J. There have been haft-hearted but well-publicized efforts by some food companies to reduce calories in their processed foods, but the Standard American Diet is still the polar opposite of the healthy,mostly plant-based diet that just about every expert says we should be eating. Considering that the government's standards are not nearly ambitious enough, the picture is clear: bynot cooking athome, we're not eating the right things, and the consequences are hard to overstate.
  K. To help quantify (量化). the costs of a poor diet, I recently tried to estimate this impact in terms of a most famous food, the burger (汉堡包). I concluded that the profit from burgers is more than offset (抵消) by the damage they cause in health problems and environmental harm.
  L. Cooldng real food is the best defense-not to mention that any meal you're likely to eat at home contains about 200 fewer calories than one you would eat in a restaurant.
  M. To those Americans for whom money is a concern, my advice is simple: Buy what you can afford,and cook it yourself. The common prescription is to primarily shop the grocery store, since that's where fresh produce, meat and seafood, and dairy are. And to save money and still eat well you don't need local, organic ingredients; all you need is real food. I'm not saying local food isn't better; it is. But there is plenty of decent food in the grocery stores.
  N. The other sections you should get to know are the frozen foods and the canned goods. Frozen produce is still produce; canned tomatoes are still tomatoes. Just make sure you're getting real food without tons of added salt or sugar. Ask yourself, would Grandma consider this food? Does it look like something that might occur in nature? It's pretty much common sense: you want to buy food,not unidentifiable foodlike objects.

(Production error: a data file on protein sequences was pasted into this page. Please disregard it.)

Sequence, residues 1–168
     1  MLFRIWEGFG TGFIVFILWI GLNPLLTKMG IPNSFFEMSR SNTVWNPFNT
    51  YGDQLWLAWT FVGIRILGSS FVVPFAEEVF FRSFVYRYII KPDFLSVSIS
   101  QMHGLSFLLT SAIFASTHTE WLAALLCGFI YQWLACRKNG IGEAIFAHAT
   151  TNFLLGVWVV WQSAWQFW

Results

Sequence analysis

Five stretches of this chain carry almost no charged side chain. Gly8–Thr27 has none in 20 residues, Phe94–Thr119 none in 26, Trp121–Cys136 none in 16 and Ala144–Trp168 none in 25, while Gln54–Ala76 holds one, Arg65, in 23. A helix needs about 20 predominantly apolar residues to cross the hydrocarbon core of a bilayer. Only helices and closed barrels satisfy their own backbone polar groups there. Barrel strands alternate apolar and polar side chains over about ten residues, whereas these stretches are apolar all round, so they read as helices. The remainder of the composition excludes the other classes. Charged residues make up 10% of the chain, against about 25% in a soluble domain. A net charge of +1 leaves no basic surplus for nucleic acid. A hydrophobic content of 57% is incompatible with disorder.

O. You don't have to hit the grocery store daily, nor do you need an abundance of skill. Since fewer than haft of Americans say they cook at an intermediate level and only 20% describe their cooldng skills as advanced, the crisis is one of confidence. And the only remedy for that is practice. There's nothing mysterious about cooking the evening meal. You just have to do a little thinking ahead and redefine what qualifies as dinner. Like any skill, cooking gets easier as you do it more; every time you cook, you advance your level of skills. Someday you won't even need recipes. My advice is that you not pay attention to the number of steps and ingredients, because they can be deceiving.
  P. Time, I realize, is the biggest obstacle to cooking for most people. You must adjust your priorities
to find time to cook. For instance, you can move a TV to the kitchen and watch your favorite shows while you're standing at the sink. No one is asking you to give up activities you like, but if you're watching food shows on TV, try cooking instead.

46. Cooking benefits people in many ways and enables them to connect with one another.
47. Abundant information about cooking is available either online or on TV.
48. Young people do less cooking at home than the elderly these days.
49. Cooking skills can be improved with practice.
50. In the mid-20th century, most families ate dinner at home instead of eating out.
51. Even those short of time or money should be encouraged to cook for themselves and their family.
52. Eating food not cooked by ourselves can cause serious consequences.
53. To eat well and still save money, people should buy fresh food and cook it themselves.
54. We get a fairly large portion of calories from fast food and snacks.
55. The popularity of TV led to the popularity of frozen food.